There is another interesting fact we can derive. If a sequence $f_n$ of functions tends to a generalized function $f$ then we say that the sequence $f'_n$ of derivatives of the functions defines the {\bf derivative} $f'$ of the generalized function. You can check in this way that the derivative of the step function is the Dirac delta function :
\begin{eqnarray}\theta'(x)=\delta(x) \end{eqnarray}


Indirect definition


The method of indirect definition of a generalized function is somewhat likethe way police obtains information on hard criminals through its informers who
are themselves  better behaved  but happen to be in the company of the those wanted men.

In this method the effect of the generalized function is seen when "it is smeared with a test function''. This means we integrate the generalized
function to be defined with a known well behaved "test'' function $\phi$ and give the value of the integral
\begin{eqnarray}(f,\phi)\equiv \int_{-\infty}^{+\infty} f(x)\phi(x) dx
The class ${\mathcal D}$ of test functions should be sufficiently large so that a knowledge of $(f,\phi)$ for all $\phi\in{\mathcal D}$ is enough to extract all knowledge of the generalized function $f$.

The class of functions ${\mathcal D}$ is taken to be the set of all functions which are infinitely differentiable and which vanish outside a finite interval. It is hoped that for functions with a singularity, the process of integrating with a very well behaved and smooth function $\phi$ will give meaningful result $(f,\phi)$, even though it may not be possible to define the function at all points by the usual definition.

For example, for our step function, the definition as a generalized function is 
\begin{eqnarray}(\theta,\phi)= \int_0^{+\infty} \phi(x) dx \end{eqnarray}
which is obvious in this simple case.

What is not obvious is that this definition can be used to define a derivative of the step function which is another generalized function. If there was a normal function $f(x)$ we would have written for its derivative
\begin{eqnarray}(f',\phi)=\int_{-\infty}^{+\infty} f'(x)\phi(x)
\int_{-\infty}^{+\infty} f(x)\phi'(x) dx=-(f,\phi')\end{eqnarray}
the first term being zero because every $\phi$ vanishes at $\pm\infty$.  We use the above relation to define the derivative $f'$ of a generalised function $f$,
As an example we can define the derivative of the step function $\theta$ as 
\begin{eqnarray}(\theta',\phi)=-(\theta,\phi')=\int_0^{+\infty} \phi'(x)
Therefore $\theta'$ is a new generalized function, traditionally denoted by $\delta$ and called {\bf Dirac delta function}, (which Dirac had defined in 1930 to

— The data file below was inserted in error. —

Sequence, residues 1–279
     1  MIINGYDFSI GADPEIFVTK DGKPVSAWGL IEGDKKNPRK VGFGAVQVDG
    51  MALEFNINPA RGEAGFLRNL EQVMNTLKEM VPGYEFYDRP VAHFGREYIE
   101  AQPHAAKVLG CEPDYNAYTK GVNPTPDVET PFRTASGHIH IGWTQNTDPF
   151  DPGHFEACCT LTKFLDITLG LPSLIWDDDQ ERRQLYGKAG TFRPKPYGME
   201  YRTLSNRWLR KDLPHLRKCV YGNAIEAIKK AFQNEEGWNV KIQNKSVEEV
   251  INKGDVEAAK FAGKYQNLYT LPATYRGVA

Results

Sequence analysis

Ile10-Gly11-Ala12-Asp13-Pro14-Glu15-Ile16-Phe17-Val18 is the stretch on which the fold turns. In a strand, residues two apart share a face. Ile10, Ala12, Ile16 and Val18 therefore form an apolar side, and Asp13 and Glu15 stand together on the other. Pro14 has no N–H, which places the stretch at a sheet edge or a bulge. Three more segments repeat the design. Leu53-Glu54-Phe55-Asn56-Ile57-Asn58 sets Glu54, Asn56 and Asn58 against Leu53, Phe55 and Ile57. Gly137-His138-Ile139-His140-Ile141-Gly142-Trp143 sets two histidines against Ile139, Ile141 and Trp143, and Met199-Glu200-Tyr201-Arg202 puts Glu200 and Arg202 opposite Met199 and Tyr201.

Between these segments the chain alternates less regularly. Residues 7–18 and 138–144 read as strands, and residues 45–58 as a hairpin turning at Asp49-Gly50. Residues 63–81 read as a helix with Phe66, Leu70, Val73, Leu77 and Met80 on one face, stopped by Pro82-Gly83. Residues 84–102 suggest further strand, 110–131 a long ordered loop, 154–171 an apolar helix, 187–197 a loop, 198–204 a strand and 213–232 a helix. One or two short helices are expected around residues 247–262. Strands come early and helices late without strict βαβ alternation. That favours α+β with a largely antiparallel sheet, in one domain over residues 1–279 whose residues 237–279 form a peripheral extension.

replace the Kronecker delta $\delta_{ij}$ in quantum mechanics for the continuous case $\delta(x-y)$).
If we try to find the values of $\theta'(x)=\delta(x)$, it is zero for every $x<0$ or $x>0$. This is obvious because in these places the function $\theta$ is a
constant. The new thing about the definition of generalized function is the derivative  (a generalized derivative). We expect the derivative to go to infinity, because of the finite jump in the step function at $x=0$. The usual way to define delta function is to say that it is a function which is zero everywhere except at $x=0$ where it is infinity in such a way that the integral of the function ("area under the curve'') is unity
\begin{eqnarray}\int \delta(x) dx=1\end{eqnarray}
What is more $\delta$, being a generalized function itself, has its own derivative defined
\begin{eqnarray}(\delta',\phi)=-(\delta,\phi')=-\phi'(0) \end{eqnarray}
Thus we see that generalized functions have derivatives of all orders defined which is good progress considering that it was not possible to differentiate them even once by by the usual definition.


Fourier Transform of $\delta$


We shall prove a very important formula, which can be written as
As things stand in this formula the integral on the right hand side is not well defined. This formula is very useful but symbolic. One way is to define it as the limit of convergent integrals 
\begin{eqnarray}\delta(x)&=&\lim_{\epsilon\to 0}\,\delta_\epsilon(x)\\&\equiv&
\lim_{\epsilon\to 0}\,\frac{1}{2\pi}\int_{-\infty}^{+\infty}\,e^{ikx-\epsilon k^2}\,dk \end{eqnarray}
The integral can be done explicitly by "completing the square''
\begin{eqnarray}-\epsilon k^2+ikx=-\epsilon
&=&-\epsilon K^2-\frac{x^2}{4\epsilon} \end{eqnarray}
where $K=k-ikx/(2\epsilon)$. The integration variable can be changed from $k$ to $K$ and the integral evaluated
\begin{eqnarray}\delta_\epsilon(x)&=&\frac{1}{2\pi}\int_{-\infty}^{+\infty}\,e^{ikx-\epsilon k^2}\,dk\\
These functions give us another insight into the generalized functions like the delta function. For each finite value of the positive number $\epsilon$ the function is a gaussian curve with a width proportional to $\sqrt{\epsilon}$ and a height proportional to $1/\sqrt{\epsilon}$. The "area under the curve'', that is $\int\delta(x)dx$  is always unity, for any $\epsilon$. As $\epsilon\to 0$, the functions  $\delta_{\epsilon}$  become more and more narrow and the peak higher and higher at $x=0$. The Dirac delta function  is the "singular limit'' of such a sequence of functions.